Original content from | Commercial Services | Talent Partnerships
Your epoints

How To Avoid Family Arguments At Christmas

How To Avoid Family Arguments At Christmas

Avoid family arguments at Christmas with VideoJug's guide. Life Coach Sally Ann Law gives expert advice on how to avoid festive family arguments so try and go through one Christmas without one family argument with VideoJug's help!

Step 1: Plan ahead

Before the event, think about what might happen on the day and predict what problems may arise. If you know there are going to be people there who don't get along, don't worry about what could happen but think of a way to avoid it. Try to speak to them before the day and talk about what might happen. You probably won't solve the conflict with one conversation and you can't force them to reconcile. Instead, you can try to work out a compromise so that their personal problems don't become the focus of Christmas for the rest of the family.

Step 2: Give your guests a choice

Look for triggers that usually cause arguments at Christmas and get rid of them. Allow people to have time to themselves and enjoy Christmas in their own way rather than enforcing plans on them. Does everybody really have to go to that Christmas carol concert? If some people would rather not go, let them stay at home. It will be better for everyone that they are relaxed and content than angry and uncomfortable.

Step 3: Share responsibility

It's likely that some members of your family have inherited roles that they are not necessarily comfortable with. If someone is taking on the bulk of the responsibility and they seem to be going into overdrive, avoid meltdown before it happens. They need to be able to share the responsibility and allow others to help.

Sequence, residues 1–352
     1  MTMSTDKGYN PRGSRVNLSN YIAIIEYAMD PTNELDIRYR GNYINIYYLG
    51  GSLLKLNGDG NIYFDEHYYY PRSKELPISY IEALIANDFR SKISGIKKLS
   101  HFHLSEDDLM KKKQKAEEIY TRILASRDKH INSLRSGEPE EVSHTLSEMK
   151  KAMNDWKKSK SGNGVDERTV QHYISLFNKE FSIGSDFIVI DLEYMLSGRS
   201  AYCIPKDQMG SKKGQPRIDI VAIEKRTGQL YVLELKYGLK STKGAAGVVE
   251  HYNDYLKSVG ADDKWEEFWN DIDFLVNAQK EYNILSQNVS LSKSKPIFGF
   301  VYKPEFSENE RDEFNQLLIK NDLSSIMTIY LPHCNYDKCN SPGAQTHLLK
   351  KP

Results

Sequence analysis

Approach them with caution as they may become defensive. Don't tell them that they can't handle everything on their own. Be diplomatic and offer them a solution that will make the day more enjoyable for everybody.

Step 4: The kids

The excitement of having people coming and going all day and food at all hours can upset your family's normal routine. Try to keep this to a minimum as it will affect your children's behaviour. You'll need to start saying no to keep the family functional.

Step 5: Conflict resolution

If an argument does break out, make the people involved aware of how it affects the rest of the family. Let them see the impact of it on everyone else and point out that it's just not fair. If this doesn't stop them, it may be time to try some conflict resolution. Try to find out what is at the heart of the argument and if there is any way it can be resolved, at least enough to make the rest of the day bearable for everyone.

Step 6: Relax and have fun

Above all, remember that Christmas is supposed to be fun. It shouldn't be one obligation after another as that will bring about a general mood of no fun. It's a time to relax so do just that. Don't take on too much and make your expectations realistic. It will never be as perfect as you would like so simply appreciate the time spent together with your family and enjoy the day.